In what was one of the most foolish decisions in a lockout full of them, MLB reportedly decided early on in the process *not* to include prospective rules changes in the CBA negotiations. The likely thinking was that if the owners asked for rules changes, the players would use that as leverage to ask for more financial gains, and the league can unilaterally implement rules changes with one year’s notice anyway.
The problem, of course, is that amidst the financially-motivated lockout, this a sport in crisis for reasons that have nothing to do with money. Swift changes to the way the game is played (and broadcast, and accessed) are needed so that the broader fan interest doesn’t continue slipping, and more new/marginal fans can be moved toward something approach serious fandom. And a PART of that process is making sure that the on-field product is the most entertaining version of itself. Given the increasing lack of action on the field and the borderline absurd length of games, you would think it would be important to all sides to talk seriously, immediately, about possible rules changes for the coming season (including some of what has been deployed successfully in the minor leagues). The owners shouldn’t have taken them off the table, and the players should have been ready to aggressively adopt new rules if necessary.
Fast-forward to today – two days before MLB’s imposed deadline for a new CBA before regular season games are cancelled – and it turns out that MLB *IS* trying to get at least some rules changes into the negotiations. Better late than never, I suppose:
— Evan Drellich (@EvanDrellich) February 26, 2022
It’s not entirely clear exactly which rules changes would be under discussion *IF* the players agreed to accelerate those talks, and the tenor of the reporting makes it sound like none of this is likely to happen this weekend anyway. Maybe you could continue to be on the optimistic side and say it’s a good sign that this even came up – it would be truly fruitless to even mention rules if no one thought the economic components of CBA were going to get done any time soon, right? – but I remain pessimistic overall because of the behavior of the owners so far, and the timeline.
Per the report, the players “reacted negatively” to the idea of implementing rules changes this year, which I find galling. I think I’ve made pretty clear where I stand on the economic issues – the players have been screwed for about a decade, and the owners need to be reasonable in making a much, much better deal for the players this time around – so you could hardly accuse me of being unfair to the players. But when it comes to rules changes, I feel like so many reactions I see from the players is resistance, and it really frustrates me. I get that nobody likes change, especially to a sport that is notoriously slow to evolve, but it’s 2022. Shit is different now, and if you truly want to see this sport thrive for future generations, decisions have to be made, even if it creates a little short-term discomfort.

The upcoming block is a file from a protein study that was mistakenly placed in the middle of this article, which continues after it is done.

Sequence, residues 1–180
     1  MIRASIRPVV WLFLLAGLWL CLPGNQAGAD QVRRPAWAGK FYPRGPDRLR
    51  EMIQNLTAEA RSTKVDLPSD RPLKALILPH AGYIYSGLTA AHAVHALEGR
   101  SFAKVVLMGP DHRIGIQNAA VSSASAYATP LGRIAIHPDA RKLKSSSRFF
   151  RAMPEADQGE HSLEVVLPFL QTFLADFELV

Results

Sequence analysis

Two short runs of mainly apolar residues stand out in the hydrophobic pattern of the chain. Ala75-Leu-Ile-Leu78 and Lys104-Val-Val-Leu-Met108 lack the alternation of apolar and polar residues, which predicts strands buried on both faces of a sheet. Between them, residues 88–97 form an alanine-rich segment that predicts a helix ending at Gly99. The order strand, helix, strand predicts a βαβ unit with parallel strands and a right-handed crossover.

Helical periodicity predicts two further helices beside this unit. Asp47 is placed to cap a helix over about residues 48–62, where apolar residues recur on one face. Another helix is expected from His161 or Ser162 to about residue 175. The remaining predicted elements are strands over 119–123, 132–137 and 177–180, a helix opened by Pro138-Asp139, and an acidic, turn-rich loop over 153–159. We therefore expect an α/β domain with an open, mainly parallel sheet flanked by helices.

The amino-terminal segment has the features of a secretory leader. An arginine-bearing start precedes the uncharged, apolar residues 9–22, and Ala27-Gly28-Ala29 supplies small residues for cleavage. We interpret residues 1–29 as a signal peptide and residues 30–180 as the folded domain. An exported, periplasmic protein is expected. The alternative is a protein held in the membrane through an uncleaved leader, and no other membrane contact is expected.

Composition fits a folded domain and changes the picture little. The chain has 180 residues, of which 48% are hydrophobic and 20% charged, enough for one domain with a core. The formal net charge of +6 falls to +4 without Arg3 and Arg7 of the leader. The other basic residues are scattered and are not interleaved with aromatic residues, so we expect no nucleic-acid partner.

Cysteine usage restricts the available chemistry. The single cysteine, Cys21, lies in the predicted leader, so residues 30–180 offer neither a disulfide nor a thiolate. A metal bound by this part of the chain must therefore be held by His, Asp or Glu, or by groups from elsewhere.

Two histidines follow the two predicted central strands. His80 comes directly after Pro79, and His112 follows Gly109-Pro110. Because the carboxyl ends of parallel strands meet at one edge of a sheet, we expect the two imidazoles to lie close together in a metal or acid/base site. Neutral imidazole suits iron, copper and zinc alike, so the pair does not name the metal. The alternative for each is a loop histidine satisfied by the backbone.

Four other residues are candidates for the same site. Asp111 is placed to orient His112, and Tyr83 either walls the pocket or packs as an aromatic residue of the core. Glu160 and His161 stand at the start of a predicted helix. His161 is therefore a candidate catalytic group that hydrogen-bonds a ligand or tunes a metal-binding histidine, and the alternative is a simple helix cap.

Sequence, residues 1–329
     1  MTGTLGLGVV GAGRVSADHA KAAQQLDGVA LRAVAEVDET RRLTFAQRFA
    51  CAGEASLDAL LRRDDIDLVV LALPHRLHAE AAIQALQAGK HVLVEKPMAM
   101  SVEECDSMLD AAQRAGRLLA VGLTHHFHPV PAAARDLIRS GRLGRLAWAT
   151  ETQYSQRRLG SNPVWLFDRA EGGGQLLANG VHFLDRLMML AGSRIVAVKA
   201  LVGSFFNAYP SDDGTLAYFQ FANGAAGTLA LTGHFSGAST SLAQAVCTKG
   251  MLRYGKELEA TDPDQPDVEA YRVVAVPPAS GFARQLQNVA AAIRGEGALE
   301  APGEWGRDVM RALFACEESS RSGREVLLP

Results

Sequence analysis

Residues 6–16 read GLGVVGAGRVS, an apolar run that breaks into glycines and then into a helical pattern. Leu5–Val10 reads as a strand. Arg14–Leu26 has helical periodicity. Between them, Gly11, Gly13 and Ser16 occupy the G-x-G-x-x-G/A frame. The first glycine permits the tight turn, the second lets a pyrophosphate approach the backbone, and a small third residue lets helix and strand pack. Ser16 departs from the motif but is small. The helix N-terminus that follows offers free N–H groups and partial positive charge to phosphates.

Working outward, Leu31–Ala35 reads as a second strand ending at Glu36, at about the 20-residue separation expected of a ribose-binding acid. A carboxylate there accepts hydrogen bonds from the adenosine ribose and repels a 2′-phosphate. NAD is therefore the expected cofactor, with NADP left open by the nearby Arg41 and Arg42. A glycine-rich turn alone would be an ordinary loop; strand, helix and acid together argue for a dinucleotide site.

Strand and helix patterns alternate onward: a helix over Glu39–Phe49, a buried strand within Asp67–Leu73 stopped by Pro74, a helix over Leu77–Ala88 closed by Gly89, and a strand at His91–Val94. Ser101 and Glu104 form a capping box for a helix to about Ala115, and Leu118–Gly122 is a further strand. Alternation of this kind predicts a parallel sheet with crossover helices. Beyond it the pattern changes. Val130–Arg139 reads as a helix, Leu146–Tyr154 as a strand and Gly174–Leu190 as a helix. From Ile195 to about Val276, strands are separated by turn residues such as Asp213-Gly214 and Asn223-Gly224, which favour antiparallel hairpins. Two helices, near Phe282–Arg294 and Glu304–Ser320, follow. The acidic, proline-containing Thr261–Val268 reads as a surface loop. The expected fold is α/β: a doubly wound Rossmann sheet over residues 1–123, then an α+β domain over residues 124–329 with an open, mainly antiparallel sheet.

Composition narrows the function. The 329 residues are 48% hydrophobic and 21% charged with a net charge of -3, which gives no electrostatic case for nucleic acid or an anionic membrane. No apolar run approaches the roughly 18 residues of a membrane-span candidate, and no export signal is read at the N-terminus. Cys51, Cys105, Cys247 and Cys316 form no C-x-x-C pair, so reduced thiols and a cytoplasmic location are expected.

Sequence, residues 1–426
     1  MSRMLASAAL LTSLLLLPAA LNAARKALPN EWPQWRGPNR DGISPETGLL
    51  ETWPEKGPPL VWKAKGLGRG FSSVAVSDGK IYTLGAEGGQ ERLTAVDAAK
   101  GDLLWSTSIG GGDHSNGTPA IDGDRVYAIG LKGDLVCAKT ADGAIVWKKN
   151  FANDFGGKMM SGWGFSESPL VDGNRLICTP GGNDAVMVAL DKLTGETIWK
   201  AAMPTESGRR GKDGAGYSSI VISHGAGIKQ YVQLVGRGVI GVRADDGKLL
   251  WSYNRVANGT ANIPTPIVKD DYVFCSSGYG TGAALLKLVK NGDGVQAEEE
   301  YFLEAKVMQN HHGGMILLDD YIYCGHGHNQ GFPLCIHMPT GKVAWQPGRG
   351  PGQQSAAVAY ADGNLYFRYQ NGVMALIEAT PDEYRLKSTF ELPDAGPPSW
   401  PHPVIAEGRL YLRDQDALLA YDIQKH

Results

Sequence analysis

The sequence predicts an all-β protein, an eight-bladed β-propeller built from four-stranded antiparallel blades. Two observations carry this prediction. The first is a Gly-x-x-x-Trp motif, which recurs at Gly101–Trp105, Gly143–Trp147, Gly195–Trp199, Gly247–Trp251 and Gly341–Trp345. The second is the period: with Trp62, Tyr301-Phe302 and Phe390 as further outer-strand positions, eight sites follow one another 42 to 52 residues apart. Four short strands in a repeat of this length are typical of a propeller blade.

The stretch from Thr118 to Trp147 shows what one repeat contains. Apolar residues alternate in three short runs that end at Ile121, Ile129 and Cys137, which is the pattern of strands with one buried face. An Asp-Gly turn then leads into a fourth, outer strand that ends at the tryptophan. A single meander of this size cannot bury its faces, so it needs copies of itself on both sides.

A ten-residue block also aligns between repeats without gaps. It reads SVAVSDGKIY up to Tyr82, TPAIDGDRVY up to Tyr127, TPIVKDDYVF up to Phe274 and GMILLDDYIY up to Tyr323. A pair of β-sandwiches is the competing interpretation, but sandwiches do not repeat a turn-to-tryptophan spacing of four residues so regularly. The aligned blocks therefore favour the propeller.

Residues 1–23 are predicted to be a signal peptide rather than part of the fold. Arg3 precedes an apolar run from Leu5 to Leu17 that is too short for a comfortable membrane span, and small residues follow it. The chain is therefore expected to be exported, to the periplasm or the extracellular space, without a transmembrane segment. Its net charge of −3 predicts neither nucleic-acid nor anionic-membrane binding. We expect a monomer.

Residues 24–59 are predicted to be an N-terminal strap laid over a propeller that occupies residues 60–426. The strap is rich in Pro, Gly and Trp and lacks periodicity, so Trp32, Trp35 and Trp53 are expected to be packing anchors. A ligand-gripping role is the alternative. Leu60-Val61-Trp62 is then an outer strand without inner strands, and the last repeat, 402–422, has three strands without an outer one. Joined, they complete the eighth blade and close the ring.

On the pitch clock, specifically: I believe it is not only a good idea, but a necessary one. It is *not* the same thing as a game clock like the other sports have – don’t worry, the beauty of baseball is not fundamentally changed! – and it simply ensures that pitchers and batters keep things moving at a reasonable clip. That’s it. Talk to anyone who has watched a minor league game over the last few years and they will confirm that, pretty soon, you don’t even notice the clock anymore, and all you notice is a faster-paced game. (Also, there is *already a rule on the books* about how long a pitcher can take to deliver a pitch! It just isn’t enforced because there’s no clock!)
If the data shows that a pitch clock significantly improves the pace of action (it does), and if the data shows that a pitch clock at least marginally improves the length of game (it does), and if everyone who has ACTUALLY PLAYED with a pitch clock has said it’s either great or fine (they have), then MLB players need to suck it up and get on board. Period. I mean, half of them have played with a pitch clock in the minor leagues at this point, I have no interest in seeing the veterans who haven’t being the ones to hold up this change. I just don’t have a lot of sympathy on this particular issue, and while I would like the players to agree to it, if they won’t join in, then I hope MLB does unilaterally make this change as soon as possible.
Also: figure out how to augment this to ensure that batters actually do stay in the box …